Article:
Bindjareb Nyungar Country – How Mandurah’s waters came to be (and how you can explore them)
Mandjoogoordap, meaning ‘meeting place of the heart’ the original name of Mandurah given by traditional owners and custodians of the land – the Bindjareb Nyungar people, have looked after the Djilba (estuary) for over 50,000 years.
How Mandurah’s waters came to be is a fascinating First Nation creation story. As depicted in Bindjareb Nyungar Elder and highly respected artist Gloria Keating’s painting, it begins with a terrible drought.
The Aboriginal people of Mandurah found there were no waterways, so they went to the beach where they danced and sung for the great Waugal (snake) to come out of the sea. She came and began to create the Peel inlet and estuary.
She found she was carrying eggs and rested in between the estuary until her eggs hatched. Too tired, she instructed her babies to do the rest of the work. She sent one to create the Serpentine River, one to produce the Murray River and one to make the Harvey River, which formed the unique shape of Mandurah today.
How you can experience the world’s oldest living culture
There are many tours that explore the unique cultural heritage of Mandurah. Whether it’s a walking tour, overnight camping trip or a visit to Bindjareb Park in Pinjarra, you’ll learn about the Bindjareb Nyungar people and the places significant to them.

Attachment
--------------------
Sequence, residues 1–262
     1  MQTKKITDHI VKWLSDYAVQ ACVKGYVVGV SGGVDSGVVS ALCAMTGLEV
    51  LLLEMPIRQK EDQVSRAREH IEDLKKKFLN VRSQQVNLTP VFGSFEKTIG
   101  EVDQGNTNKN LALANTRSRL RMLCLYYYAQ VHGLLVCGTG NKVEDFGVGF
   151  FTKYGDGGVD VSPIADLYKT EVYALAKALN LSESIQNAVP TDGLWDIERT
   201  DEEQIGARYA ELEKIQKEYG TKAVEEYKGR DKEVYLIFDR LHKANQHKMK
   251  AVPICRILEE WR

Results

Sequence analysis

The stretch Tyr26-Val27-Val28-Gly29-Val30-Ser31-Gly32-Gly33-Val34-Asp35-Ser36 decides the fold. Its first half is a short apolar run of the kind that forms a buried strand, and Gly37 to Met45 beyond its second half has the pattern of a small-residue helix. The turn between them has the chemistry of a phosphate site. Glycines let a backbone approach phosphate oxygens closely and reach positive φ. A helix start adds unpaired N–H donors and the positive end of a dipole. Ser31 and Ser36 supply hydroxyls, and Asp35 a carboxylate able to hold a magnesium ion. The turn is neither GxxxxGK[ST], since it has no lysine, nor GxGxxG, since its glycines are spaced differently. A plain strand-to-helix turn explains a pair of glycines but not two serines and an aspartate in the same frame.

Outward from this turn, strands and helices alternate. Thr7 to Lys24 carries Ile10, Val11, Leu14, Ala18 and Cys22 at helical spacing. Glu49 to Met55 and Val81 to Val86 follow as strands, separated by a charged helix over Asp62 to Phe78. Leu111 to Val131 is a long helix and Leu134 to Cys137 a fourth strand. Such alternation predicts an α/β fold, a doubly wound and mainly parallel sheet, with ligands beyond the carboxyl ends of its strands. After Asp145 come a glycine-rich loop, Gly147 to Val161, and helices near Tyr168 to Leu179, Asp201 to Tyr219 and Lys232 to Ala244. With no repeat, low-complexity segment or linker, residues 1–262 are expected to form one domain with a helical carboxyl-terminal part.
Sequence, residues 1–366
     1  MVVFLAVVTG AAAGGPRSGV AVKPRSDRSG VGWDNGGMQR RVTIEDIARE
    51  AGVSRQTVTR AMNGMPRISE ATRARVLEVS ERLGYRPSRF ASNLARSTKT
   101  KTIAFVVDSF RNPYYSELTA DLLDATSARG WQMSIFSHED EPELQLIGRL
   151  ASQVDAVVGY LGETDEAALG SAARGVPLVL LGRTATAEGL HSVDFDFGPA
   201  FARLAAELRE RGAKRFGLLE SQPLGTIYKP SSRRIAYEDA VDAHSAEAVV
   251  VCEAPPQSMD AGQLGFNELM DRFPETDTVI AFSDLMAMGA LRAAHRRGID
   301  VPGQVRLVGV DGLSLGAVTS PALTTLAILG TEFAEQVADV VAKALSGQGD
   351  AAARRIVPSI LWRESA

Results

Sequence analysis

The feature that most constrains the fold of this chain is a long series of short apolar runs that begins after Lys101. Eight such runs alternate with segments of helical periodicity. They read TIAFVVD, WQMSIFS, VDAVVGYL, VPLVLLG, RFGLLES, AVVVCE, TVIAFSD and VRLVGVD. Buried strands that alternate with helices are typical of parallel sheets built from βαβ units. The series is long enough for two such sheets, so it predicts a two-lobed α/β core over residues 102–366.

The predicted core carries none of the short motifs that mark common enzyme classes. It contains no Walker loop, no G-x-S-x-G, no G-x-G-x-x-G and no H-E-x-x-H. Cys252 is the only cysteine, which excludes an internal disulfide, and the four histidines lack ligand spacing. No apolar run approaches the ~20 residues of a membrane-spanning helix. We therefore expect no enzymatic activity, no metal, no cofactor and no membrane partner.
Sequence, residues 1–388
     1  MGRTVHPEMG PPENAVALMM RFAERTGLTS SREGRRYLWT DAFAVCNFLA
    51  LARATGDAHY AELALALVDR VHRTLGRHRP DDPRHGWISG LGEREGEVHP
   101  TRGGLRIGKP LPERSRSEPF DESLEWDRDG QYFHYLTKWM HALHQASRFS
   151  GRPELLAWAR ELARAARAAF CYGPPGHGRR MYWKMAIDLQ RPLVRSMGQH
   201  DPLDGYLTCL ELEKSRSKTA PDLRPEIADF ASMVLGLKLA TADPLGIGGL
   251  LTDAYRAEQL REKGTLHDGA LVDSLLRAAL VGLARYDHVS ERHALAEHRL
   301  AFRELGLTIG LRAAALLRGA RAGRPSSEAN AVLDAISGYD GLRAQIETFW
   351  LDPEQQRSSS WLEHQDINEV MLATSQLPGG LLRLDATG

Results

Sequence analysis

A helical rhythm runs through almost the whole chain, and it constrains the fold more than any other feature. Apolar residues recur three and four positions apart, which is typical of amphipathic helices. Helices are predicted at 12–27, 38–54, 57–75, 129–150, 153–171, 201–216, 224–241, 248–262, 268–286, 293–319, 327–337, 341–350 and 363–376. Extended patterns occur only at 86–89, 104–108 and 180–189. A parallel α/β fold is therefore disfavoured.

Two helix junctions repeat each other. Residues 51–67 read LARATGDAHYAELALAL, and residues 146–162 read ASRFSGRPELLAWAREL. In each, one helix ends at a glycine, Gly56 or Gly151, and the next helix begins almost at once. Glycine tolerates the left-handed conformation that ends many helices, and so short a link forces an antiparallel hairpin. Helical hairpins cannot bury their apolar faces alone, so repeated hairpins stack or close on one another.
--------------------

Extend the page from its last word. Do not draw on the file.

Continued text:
Include one or more of these tours on your next visit to Mandurah and the Peel region:
Thrombolites (Woggaal’s Noorook) tour
Take a trip with Mandjoogoordap Dreaming, where you’ll go on an exciting walking tour around the Lake Clifton Thrombolites – the world’s oldest bacterial life form. This rare and endangered natural feature is also significant in local Aboriginal culture, represented in the Dreaming story of the Woggaal’s (Waugal’s) eggs. Tours to this remarkable site depart by bus from Mandurah Performing Arts Centre.
Goolamwiin overnight camping tour
Come on an unforgettable journey exploring Aboriginal culture with Goolamwiin. Go hunting for bush tucker, medicine plants and freshwater, before setting up camp for the night. Participate in Aboriginal dance and experience a cultural healing ceremony. Enjoy an authentic campfire dinner and learn more about the Nyungar people listening to Dreamtime stories under the stars.
Extending a Welcome to Country through art
As part of the renovations taking place at the Mandurah Visitor Centre, we were excited to invite Bindjareb Boodja artists to submit artwork that reflects Bindjareb Boodja, its waterways, coastal location, local flora and fauna or cultural stories connected to the area. The winning entry will be announced later this month. The winning artwork will feature as part of the decorative Welcome to Country’ design on the main wall of the refurbished Mandurah Visitor Centre reception area.
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